Representative Treesh asked about the statewide initiative program that was in place in Daviess County and how it fits into this program. Commissioner Wilhoit said that Daviess County is the perfect example of a district putting these types of programs in place. He said that a reading strategy should have a research based policy in place, and professional development for the teachers some type of intervention strategy for the students that are not reading at grade level, and frequent assessment instruments so that student progress can be measured. He said all these programs are in place in Daviess County and it was done without the departments resources.


Representative Graham asked if these programs could be implemented at the Kentucky School for the Deaf. Commissioner Wilhoit said that an audit had been done at the school that found reading deficiencies. The department asked them to put some of these programs in place.


Representative Rasche said that the Collaborative Center for Literacy Development Center is responsible to be a clearinghouse of information for models that address reading and literacy from elementary through adult. They also collaborate with postsecondary institutions to provide quality pre-service and professional development in early reading instruction, assist districts to assess, address, and to identify literacy needs and provide professional development coaching for classroom teachers, implementing a comprehensive research agenda, evaluating the early reading models and establishing demonstration and training sites for early literacy. He said they are required to submit an annual report to the Governor and the Legislative Research Commission. He introduced Dr. Nawanna Privitt, Executive Director for the Collaborative Center for Literacy Development; Dr. Kaye Lowe, Visiting Endowed Literacy Professor, Dr. Judy Embry, University of Kentucky; and Ms. Lindy Harmon, Reading Recovery Teacher, Washington County Schools.


Dr. Privett said that the partnership between the Collaborative Center and the Kentucky Department of Education, and the National Center for Family Literacy combine efforts to produce results. She said that the center, combines the expertise of professors of the eight universities and the regional service centers’ consultants, to make these programs happen. She said that the three projects are the Kentucky Reading Project, Reading Recovery, and Early Reading Incentive Grants. She said the Kentucky Reading project is a three hour graduate course for elementary teachers. She said that in 1998 there were only eight sites in the state and now the program has grown to eleven sites. She said that since 1998 the number of novice readers has reduced by 853 students. She said the number is still 15 percent of the students in our state.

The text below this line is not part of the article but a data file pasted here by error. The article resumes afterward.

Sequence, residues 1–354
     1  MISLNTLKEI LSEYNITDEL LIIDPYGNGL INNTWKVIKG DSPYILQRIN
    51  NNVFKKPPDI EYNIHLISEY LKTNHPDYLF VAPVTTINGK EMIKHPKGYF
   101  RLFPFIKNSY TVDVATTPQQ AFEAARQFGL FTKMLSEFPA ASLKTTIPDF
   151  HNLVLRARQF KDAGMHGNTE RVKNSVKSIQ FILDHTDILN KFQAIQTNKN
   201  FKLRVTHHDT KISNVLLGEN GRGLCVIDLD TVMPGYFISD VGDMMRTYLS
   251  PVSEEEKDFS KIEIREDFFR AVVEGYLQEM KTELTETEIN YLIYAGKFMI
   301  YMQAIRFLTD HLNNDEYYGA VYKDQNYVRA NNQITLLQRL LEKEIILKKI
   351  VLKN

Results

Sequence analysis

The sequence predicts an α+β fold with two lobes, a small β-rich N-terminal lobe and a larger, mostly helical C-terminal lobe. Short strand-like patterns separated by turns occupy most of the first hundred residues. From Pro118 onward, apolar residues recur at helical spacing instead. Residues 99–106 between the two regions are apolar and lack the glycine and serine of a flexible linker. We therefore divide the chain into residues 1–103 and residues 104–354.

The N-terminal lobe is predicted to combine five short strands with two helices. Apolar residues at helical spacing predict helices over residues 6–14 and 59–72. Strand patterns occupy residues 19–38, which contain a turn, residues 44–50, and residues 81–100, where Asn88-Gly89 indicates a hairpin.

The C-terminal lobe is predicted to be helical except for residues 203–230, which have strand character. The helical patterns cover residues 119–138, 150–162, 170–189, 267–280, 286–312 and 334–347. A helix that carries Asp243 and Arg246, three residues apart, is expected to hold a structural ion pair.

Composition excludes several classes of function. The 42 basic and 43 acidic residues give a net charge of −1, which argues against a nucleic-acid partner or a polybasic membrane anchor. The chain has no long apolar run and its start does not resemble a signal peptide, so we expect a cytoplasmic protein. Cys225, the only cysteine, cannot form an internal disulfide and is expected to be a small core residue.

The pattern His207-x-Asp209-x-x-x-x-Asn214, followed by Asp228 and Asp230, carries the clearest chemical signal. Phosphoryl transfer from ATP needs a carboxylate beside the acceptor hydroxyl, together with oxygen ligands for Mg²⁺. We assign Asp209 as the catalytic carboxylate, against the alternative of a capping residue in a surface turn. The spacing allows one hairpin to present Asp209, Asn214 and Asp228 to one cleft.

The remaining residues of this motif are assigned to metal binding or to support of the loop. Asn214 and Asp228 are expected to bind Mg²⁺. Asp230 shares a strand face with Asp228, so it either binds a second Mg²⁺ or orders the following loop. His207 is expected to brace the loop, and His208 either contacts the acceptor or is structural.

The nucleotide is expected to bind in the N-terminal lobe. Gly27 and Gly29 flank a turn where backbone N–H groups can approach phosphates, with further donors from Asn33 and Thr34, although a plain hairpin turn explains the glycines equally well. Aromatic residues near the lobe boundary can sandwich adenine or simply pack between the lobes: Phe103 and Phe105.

Dr. Judy Embry spoke about the research in Reading Recovery. She said that there is currently 150 elementary schools, 54 school districts, and 234 reading recovery teachers in the state of Kentucky. She said that she trains teacher leaders through the Collaborative Literacy Center.


Dr. Kaye Lowe said that a research project was carried out that evaluated some of the programs and models involved in the Early Reading Incentive Grants (ERIG). She said that the three phases that  were used were:

·        Development and use of an evaluation matrix and tracking of student achievement in relationship to programs.

·        Analysis of programs/models in successful schools as measured by Commonwealth Accountability Testing System (CATS) scores, Comprehensive Test Basic Skills (CTBS) results, and Early Reading Incentive Grants (ERIG) Leadership Site applications.

·        A case study of reading programs in a county where all schools have already reached their 2000-2002 CATS Goals, made significant gains in CTBS results, decreased the number of novice readers and Reading Recovery referrals.


Dr. Lowe said that the Evaluation Matrix for Reading Program/Models was developed by the International Reading Association, the Center for the Improvement of the Early Reading Achievement (CIERA), the National Panel Report, the Kentucky Core Content for Reading Assessment, and the Rights of the Reader. She said that the Evaluation Matrix consists of the following six key principals and descriptive criteria:


·        Sound understanding of reading and writing development.

·        Ongoing and multiple methods and writing development.

·        Variety of instructional methods that meets the needs of all the children including an emphasis on early intervention.